The obvious advantage of visiting this particular suburb is that, not only are all of the pubs relatively close together but they are close enough to home to enable to walk once my exploration is done. This made the idea all the more attractive on this particular weekend. Not entirely sure what to expect from the establishments on this itinerary, my journey began at The Charlton Arms.
 
This John Barras-operated venue is named after a local 19th century farming family and the family crest is displayed on a sign at the roadside. The standard, manor house like exterior is complimented internally by a spacious arrangement with lots of seating, made up primarily of round tables and leather sofas. The main room is essentially split level with a small raised area containing a pool table and a lower section towards the back that is reserved for dining and accessible down a small flight of stairs. There is a dart board in one corner of the pub and the walls are decorated with photographs of local landmarks, both from Chilwell and the neighbouring settlements of Attenborough and Toton. The reverse J-shaped bar includes 3 hand pumps, one of which (supplying Black Sheep Bitter), is off. The other 2 options are Adnams Broadside and a beer from Hook Norton which, due to this particular area of the bar being busy I was unable to get close enough to identify in either name or ABV. I went for a pint of the Hook Norton beer anyway and it was a wise choice with which to begin the evening. Bronze in colour, the beer had a nutty aroma and a spicy hop flavour, supported by a rich, malty bitterness. It certainly went down nice and easily.
 
My next location stood conveniently close by, being literally across the road. Named after a locally trained racehorse that won the Derby back in 1828, and operated by Ember Inns, I next visited The Cadland.
 
I'm generally a big fan of Ember Inns and was a regular visitor to The Punchbowl in Mapperley when I lived that way. I did have one bad experience whilst dining there but I've taken that to be a one off. Anyway, The Cadland has a decidedly similar layout, despite the interesting blue and white exterior décor. Inside, the interior is large and plush with a U shaped central bar and lots of seating of both the velvet and leather variety and of varying heights. The main area is nicely divided into smaller individual alcoves by careful placement of pillars and one of these areas has a roaring coal fire which really keeps out the winter chill. The bar is stocked with 9 hand pulls, 6 of which are doubled up with Abbot Ale, Broadside again and Everard's Tiger. The remaining 3 include Frosted Jack from the Devon Brewing Company, 41 Degrees South from Roosters Brewery and an empty pump that is in the process of being cleaned an flushed. I decided that the Frosted Jack was worth a try and I was proven correct. At a refreshing 4.3%, this chestnut coloured beer packs a hoppy aroma with top notes of fruit zest. The flavour is smooth with a hoppy finish accompanied by undertones of malt. A winter warmer indeed.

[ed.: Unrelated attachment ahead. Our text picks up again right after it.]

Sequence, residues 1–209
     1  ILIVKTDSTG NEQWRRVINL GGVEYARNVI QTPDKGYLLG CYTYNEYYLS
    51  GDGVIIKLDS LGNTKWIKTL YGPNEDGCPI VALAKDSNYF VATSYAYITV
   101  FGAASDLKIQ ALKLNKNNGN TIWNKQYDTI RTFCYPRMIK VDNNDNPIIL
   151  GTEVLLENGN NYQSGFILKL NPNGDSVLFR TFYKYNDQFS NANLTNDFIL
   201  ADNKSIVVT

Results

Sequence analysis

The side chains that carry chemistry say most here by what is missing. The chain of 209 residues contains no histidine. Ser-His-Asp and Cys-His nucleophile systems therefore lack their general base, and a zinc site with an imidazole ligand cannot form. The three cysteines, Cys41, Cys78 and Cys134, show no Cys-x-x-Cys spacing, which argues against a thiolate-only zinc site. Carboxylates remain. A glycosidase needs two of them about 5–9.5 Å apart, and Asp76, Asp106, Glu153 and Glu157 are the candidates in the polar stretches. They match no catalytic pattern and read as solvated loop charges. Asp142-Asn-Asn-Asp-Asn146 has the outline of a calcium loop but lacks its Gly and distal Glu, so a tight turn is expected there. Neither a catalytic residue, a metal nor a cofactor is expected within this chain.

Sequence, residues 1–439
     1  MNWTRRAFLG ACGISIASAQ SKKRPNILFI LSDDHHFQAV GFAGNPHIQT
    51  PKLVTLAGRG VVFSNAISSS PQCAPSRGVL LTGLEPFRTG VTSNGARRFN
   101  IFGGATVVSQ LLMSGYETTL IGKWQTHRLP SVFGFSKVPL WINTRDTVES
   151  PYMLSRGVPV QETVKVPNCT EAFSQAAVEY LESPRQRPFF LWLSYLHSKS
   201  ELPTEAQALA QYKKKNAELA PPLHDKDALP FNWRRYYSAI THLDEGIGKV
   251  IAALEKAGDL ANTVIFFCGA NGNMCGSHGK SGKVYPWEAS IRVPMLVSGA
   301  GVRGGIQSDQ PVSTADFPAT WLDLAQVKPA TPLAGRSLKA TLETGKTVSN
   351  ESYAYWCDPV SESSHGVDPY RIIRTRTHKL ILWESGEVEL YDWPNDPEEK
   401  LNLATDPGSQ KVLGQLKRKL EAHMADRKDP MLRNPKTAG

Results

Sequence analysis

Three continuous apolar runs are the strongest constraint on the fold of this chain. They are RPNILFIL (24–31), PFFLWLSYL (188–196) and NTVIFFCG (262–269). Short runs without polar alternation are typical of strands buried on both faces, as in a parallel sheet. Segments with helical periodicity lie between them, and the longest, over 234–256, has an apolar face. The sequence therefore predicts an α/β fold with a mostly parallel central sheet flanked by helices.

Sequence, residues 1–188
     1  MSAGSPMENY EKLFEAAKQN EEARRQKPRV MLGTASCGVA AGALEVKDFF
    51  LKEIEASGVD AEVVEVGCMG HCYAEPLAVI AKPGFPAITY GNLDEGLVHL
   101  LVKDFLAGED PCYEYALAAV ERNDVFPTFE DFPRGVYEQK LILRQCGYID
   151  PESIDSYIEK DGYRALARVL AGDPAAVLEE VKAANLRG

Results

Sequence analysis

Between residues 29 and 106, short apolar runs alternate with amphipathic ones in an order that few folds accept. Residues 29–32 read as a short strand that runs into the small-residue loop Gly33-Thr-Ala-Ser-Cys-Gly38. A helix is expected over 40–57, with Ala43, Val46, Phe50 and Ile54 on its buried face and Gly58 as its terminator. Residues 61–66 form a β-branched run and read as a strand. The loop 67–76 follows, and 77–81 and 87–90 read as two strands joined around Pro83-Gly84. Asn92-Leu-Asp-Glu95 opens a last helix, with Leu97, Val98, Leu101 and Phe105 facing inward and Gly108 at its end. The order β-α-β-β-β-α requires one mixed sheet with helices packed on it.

The longest part of my journey, apart from the walk home, was next to come, a I ventured out of Chilwell proper and wandered back towards the main Nottingham road. My next destination sits by the roadside, although set back slightly from the pavement.
 
With the familiar orange and black frontage overlaying the grey and cream façade, it's no surprise to learn that The Bluebell is a Flaming Grill venue. Inside, the bar is central and has a large amount of plush seating arranged nicely around it. Only 2 hand pumps are present and they feature the kind of beers you would expect for such a food-oriented venue, namely Doom Bar and Harvest Pale. This is no bad thing as the pub boasts Cask Marque accreditation and the Harvest Pale is very well kept and in excellent condition. I sat and drank my pint at a more leisurely pace, enjoying the warmth and the comfort of the furnishings, spoiled only slightly when one of the Year 8 kids I teach realised he knew me and pointed in my direction. I did my best to be polite.
 
Chilwell is not a big place by any stretch of the imagination and I only had one place left on my list for the day. Making my way further down Nottingham Road and back in the direction of home brought me to The Corn Mill.
 
Run by Greene King under its Eating Inn brand, The Corn Mill lies directly opposite the local retail park and is named after a structure that is believed to have once stood nearby. The building is roughly square in layout and cream in colour with an oddly rectangular interior that makes it look narrower on the inside than it appears from without, like a reverse TARDIS. The black and white styled bar is central to the room which has separate designated entrances for drinkers and diners. There are 10 hand pulls on the bar, all of which are doubled up and the selection consists of Abbot Ale, GK IPA, Old Speckled Hen, Nottingham Brewery Centurion ND and Rock Bitter. The Rock Bitter was in excellent condition and thoroughly enjoyable. It wasn't enough to make me stay for a second though and soon it was time to wend my way back home, which from this point, is literally just down the road. My search and explore around Chilwell had been a mild success and I can honestly say that no pub disappointed me. They all had ale for one thing and that ale was in good condition al all venues. This, to me, just goes to show that places don't necessarily need any kind of preceding reputation in order to offer good things to the perceptive drinker.